Zambia has written an official de’marche to the United States government to request a retraction of a portion of the statement made by a senior US official John Bolton, who alleged that the Chinese government intends to possess some state owned enterprises because of governments failure to settle it’s outstanding loan.
But US Ambassador to Zambia Daniel Foote says the White House was referring to widespread reports as well as examples of what the Chinese had done in other countries.
Zambia’s first secretary for press and public relations at High Commission on Ethiopia, Inutu Mwanza, said Foreign Affairs Ministers Joseph Malanji disclosed this in Addis Ababa yesterday, adding that the Zambians government was optimistic that the American Embassy in Lusaka transmit the de’marche to Washington DC as soon as possible.
In his statement to unveil new USA Policy on Africa in Relation to China and Russia , USA National Security Advisor John Bolton said Zambia owed China between US$6 billion and US$10 billion and was poised to lose its state utility company for China to recoup the debt.
But Malanji said the Zambian government was disappointed that such a statement lacking accurate information, could come from a high ranking official who could have easily verified the information with the American Embassy in Lusaka before giving a presentation of such magnitude.
“Such misinformation gives a bad name to America’s foreign policy,” Malanji said, adding “Zambia enjoys cordial bilateral and multilateral relations with the US government, and does not wish to see its diplomatic ties strained as a result of misinformation.”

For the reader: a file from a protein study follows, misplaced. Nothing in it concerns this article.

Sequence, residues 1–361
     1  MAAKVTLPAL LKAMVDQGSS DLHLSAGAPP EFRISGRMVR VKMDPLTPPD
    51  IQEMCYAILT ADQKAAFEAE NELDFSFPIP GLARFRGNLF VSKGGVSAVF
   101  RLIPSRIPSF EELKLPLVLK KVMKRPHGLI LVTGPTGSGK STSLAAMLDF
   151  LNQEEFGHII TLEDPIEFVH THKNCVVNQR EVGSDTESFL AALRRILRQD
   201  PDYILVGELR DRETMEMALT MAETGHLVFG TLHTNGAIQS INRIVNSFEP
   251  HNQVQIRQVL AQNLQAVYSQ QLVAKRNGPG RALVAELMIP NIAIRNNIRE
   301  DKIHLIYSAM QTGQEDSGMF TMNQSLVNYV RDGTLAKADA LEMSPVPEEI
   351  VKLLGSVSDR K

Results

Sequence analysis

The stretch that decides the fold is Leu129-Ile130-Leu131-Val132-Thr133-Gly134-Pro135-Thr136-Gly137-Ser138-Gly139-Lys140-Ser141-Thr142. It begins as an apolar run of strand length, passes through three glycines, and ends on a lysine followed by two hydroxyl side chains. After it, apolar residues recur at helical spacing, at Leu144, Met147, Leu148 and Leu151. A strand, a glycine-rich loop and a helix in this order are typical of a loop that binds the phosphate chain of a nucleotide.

The Minister said Zambia had not offered any of its state assets as collateral for the sovereign guaranteed oans the country was obtaining.
“Therefore, no state asset or state enterprise were at risk of being repossessed as they have not been used as collateral security,” said Malanji.
He also said Zambia was not in a debt crisis and its debt ratio in relation to the country’s GDP, was healthy.
The Foreign Affairs Minister said Zambia was managing its debt repayment very well and had not defaulted in any of its repayment plans.
In reaction to the demand from the Zambian government, Ambassador Foote said non-transparent contraction of loans posed a burden on recipient countries while fuelling corruption.
“While I have seen no evidence pointing toward a ZESCO takeover, the White House referred to widespread reports and approaches the Chinese have already taken in other countries. Such non-transparent contracting and debt acquisition impose unsustainable debt on recipients, fuelling corruption and limiting the options for the citizens of recipient countries to determine their future,” said Ambassador Foote in a brief reaction released by the Embassy, Sunday.